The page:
Ultracold Big Bang experiment successfully simulates evolution of early universe
Physicists have reproduced a pattern resembling the cosmic microwave background radiation in a laboratory simulation of the Big Bang, using ultracold cesium atoms in a vacuum chamber at the University of Chicago...
The cosmic microwave background is the echo of the Big Bang. Extensive measurements of the CMB have come from the orbiting Cosmic Background Explorer in the 1990s, and later by the Wilkinson Microwave Anisotropy Probe and various ground-based observatories, including the UChicago-led South Pole Telescope collaboration. These tools have provided cosmologists with a snapshot of how the universe appeared approximately 380,000 years following the Big Bang, which marked the beginning of our universe.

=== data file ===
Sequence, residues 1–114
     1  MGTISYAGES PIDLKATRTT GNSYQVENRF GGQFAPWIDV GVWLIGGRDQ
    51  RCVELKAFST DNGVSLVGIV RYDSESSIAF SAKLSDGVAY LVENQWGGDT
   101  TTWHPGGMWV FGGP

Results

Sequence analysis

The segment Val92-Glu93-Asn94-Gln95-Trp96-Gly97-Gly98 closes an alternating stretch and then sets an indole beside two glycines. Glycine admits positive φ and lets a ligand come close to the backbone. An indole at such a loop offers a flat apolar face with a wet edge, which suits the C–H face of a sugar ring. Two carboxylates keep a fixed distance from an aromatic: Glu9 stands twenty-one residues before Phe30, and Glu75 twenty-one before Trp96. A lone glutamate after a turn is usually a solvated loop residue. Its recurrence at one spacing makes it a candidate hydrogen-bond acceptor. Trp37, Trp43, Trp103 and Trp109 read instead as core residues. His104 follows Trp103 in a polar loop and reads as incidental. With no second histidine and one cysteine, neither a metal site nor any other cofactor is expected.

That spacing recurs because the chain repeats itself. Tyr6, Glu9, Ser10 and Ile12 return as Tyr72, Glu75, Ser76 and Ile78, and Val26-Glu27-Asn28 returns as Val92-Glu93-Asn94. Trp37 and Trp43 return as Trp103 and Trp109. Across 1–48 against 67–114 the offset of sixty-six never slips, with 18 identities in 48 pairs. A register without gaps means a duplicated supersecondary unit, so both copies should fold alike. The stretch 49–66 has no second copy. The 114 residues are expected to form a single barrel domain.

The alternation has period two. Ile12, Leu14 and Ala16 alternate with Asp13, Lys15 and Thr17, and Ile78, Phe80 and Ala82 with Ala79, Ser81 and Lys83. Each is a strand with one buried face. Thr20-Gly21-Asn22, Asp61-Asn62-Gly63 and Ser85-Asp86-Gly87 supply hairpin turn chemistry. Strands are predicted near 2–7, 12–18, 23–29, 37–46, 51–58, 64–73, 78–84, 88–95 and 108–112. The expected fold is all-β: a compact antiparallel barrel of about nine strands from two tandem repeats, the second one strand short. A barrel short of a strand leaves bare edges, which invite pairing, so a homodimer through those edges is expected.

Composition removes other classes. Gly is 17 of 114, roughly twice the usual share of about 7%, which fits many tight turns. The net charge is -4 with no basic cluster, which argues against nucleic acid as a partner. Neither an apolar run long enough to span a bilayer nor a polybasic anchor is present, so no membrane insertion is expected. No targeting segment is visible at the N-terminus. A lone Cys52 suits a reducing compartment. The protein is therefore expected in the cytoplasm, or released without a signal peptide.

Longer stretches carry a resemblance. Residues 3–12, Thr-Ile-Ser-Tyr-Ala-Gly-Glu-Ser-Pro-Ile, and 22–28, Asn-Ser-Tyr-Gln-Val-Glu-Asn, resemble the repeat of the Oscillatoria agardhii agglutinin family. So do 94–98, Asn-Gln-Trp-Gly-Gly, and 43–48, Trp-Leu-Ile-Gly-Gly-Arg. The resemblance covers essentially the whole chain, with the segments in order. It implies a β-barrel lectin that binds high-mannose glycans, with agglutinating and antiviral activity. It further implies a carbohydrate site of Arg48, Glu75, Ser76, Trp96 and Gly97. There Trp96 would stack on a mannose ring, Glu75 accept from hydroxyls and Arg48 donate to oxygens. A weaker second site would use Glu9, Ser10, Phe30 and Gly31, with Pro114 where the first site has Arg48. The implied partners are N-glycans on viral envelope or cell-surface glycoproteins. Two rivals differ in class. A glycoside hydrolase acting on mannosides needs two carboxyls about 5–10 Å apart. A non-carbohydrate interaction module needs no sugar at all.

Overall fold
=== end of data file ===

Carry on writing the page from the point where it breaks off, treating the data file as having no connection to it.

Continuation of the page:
It turns out that under certain conditions, a cloud of atoms chilled to a billionth of a degree above absolute zero (-459.67 degrees Fahrenheit) in a vacuum chamber displays phenomena similar to those that unfolded following the Big Bang, [lead author Chen-Lung] Hung said.
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